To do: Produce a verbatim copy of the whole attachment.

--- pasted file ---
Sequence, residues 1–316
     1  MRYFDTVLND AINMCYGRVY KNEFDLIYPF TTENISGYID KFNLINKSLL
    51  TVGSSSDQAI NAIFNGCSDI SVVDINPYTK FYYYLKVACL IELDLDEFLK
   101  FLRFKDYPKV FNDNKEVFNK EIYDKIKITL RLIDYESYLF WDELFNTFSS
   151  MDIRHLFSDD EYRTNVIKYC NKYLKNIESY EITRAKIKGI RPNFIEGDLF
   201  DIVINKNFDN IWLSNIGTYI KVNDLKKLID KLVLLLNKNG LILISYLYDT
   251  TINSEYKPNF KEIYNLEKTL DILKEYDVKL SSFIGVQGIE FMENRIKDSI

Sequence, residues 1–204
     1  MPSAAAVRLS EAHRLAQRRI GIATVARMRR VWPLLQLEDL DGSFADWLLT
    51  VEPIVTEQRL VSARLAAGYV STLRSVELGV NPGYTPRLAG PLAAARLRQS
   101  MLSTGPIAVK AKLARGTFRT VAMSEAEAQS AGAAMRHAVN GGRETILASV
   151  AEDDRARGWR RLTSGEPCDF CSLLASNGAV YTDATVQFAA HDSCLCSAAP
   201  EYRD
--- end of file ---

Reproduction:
Sequence, residues 1–316
     1  MRYFDTVLND AINMCYGRVY KNEFDLIYPF TTENISGYID KFNLINKSLL
    51  TVGSSSDQAI NAIFNGCSDI SVVDINPYTK FYYYLKVACL IELDLDEFLK
   101  FLRFKDYPKV FNDNKEVFNK EIYDKIKITL RLIDYESYLF WDELFNTFSS
   151  MDIRHLFSDD EYRTNVIKYC NKYLKNIESY EITRAKIKGI RPNFIEGDLF
   201  DIVINKNFDN IWLSNIGTYI KVNDLKKLID KLVLLLNKNG LILISYLYDT
   251  TINSEYKPNF KEIYNLEKTL DILKEYDVKL SSFIGVQGIE FMENRIKDSI

Sequence, residues 1–204
     1  MPSAAAVRLS EAHRLAQRRI GIATVARMRR VWPLLQLEDL DGSFADWLLT
    51  VEPIVTEQRL VSARLAAGYV STLRSVELGV NPGYTPRLAG PLAAARLRQS
   101  MLSTGPIAVK AKLARGTFRT VAMSEAEAQS AGAAMRHAVN GGRETILASV
   151  AEDDRARGWR RLTSGEPCDF CSLLASNGAV YTDATVQFAA HDSCLCSAAP
   201  EYRD